I suggest that the U. Citizens became accustomed to giving up civil liberties to surveillance and enforcement efforts by formal agents of social control FASC. Government officials used the foundation of fear to build even more fear in the United States and to enact draconian legislation that has negated civil liberties.
The drug war and ongoing concerns with crime led to the expansion of fear in relation to terrorism. Kappeler, Mark Blmberg, and Gary W. The war on terrorism brought death and destruction to untold thousand of Iraqis. And still we receive messages promoting fear, asking for more security, promising more surveillance.
Multimodal Discourse Analysis. In Hyland, Ken, and Brian Paltridge eds. Continuum Companion to Discourse. London; New York. Systemic functional-multimodal discourse analysis SF- MDA : constructing ideational meaning using language and visual imagery. Sage 7 4 : — Ryan, Marie-Laure Narration in Various Media.
The Living Handbook of Narratology. Hamburg: Hamburg University.
US and International Coverage of the Election of Barack Obama: Trends and Differences
Toward a Definition of Narrative. Herman ed. The Cambridge Companion to Narrative. Cambridge: Cambridge UP, 22— Schudson Michael The Objectivity Norm in American Journalism. Journalism: Theory, Practice and Criticism 2 2 , pp. Somers, Margaret R. Gibson Stephens, Mitchell Beyond news: the future of journalism. New York Columbia University Press. During the last decade, the promises of networked digital media have started to realize. Time and location independent production, distribution and consumption of media content, together with social media participation are now reality for everyone with a computing device and an Internet connection.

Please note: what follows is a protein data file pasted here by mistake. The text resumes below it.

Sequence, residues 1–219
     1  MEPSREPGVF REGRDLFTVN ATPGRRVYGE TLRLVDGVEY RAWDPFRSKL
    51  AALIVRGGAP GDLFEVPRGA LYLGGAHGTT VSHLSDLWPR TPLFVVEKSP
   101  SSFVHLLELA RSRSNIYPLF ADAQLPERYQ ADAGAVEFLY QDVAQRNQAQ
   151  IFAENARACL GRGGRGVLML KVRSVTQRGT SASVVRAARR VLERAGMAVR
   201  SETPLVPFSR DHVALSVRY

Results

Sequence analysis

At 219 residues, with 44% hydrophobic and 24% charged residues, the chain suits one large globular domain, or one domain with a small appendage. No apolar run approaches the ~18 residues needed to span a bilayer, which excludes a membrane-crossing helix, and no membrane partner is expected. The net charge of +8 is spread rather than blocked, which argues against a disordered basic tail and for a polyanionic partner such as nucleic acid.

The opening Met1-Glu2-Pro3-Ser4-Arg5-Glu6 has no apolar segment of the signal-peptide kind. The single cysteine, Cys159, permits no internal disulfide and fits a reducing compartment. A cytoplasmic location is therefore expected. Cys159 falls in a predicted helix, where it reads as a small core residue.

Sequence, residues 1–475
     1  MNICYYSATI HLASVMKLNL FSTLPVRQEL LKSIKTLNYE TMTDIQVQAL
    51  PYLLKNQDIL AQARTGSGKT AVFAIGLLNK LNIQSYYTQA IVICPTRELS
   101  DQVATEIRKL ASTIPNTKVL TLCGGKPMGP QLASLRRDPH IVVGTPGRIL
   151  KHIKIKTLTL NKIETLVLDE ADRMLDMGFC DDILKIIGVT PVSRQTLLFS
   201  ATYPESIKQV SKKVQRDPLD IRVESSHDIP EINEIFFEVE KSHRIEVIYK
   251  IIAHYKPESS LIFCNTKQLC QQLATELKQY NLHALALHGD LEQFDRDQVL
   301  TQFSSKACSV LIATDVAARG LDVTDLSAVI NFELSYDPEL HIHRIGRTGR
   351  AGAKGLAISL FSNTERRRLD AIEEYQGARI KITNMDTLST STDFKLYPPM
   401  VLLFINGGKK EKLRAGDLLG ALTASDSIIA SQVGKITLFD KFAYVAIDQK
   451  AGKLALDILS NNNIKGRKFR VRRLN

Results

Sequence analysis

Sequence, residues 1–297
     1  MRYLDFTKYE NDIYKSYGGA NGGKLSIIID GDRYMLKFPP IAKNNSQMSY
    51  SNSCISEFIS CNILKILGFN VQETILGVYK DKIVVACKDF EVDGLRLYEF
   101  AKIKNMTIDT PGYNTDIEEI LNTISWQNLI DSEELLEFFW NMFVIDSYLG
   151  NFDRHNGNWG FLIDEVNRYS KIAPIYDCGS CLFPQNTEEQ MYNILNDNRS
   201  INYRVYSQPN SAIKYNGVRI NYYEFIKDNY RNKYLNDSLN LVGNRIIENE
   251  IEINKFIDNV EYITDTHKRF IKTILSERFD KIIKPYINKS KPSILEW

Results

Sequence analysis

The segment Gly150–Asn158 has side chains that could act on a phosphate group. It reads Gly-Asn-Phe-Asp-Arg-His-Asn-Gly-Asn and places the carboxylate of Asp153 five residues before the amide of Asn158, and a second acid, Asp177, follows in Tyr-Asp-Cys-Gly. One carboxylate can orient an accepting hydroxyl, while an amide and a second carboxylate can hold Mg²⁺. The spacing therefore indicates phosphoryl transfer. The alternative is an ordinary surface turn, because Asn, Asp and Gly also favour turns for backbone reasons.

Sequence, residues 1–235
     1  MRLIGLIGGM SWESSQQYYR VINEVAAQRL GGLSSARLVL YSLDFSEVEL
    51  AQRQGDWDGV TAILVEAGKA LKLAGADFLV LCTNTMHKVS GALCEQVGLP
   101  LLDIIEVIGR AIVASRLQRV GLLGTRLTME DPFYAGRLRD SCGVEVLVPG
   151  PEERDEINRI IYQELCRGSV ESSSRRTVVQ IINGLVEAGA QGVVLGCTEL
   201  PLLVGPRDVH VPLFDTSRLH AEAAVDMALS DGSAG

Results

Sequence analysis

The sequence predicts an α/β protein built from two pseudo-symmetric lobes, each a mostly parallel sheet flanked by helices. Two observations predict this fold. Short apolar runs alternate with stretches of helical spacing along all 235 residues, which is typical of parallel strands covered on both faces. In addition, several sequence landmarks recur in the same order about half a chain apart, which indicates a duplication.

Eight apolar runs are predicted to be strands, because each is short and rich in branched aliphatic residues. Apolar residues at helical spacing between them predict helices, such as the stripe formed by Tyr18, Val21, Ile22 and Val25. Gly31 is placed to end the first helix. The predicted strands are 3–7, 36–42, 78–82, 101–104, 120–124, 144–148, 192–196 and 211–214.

This socio-technological revolution has also made possible highly personalized and context-aware media services. My thesis focuses on designing and researching interactions that aim to provide new kinds of user experiences for contextual music recommendation and discovery through service concepts and prototypes. The main research objective is how to design enjoyable and rewarding music recommendation and discovery services that utilize contextual information from the interaction point of view? The underlying assumption of the study is that contextual information does matter and it is important to take this information into account when designing user experiences for music discovery and recommendation.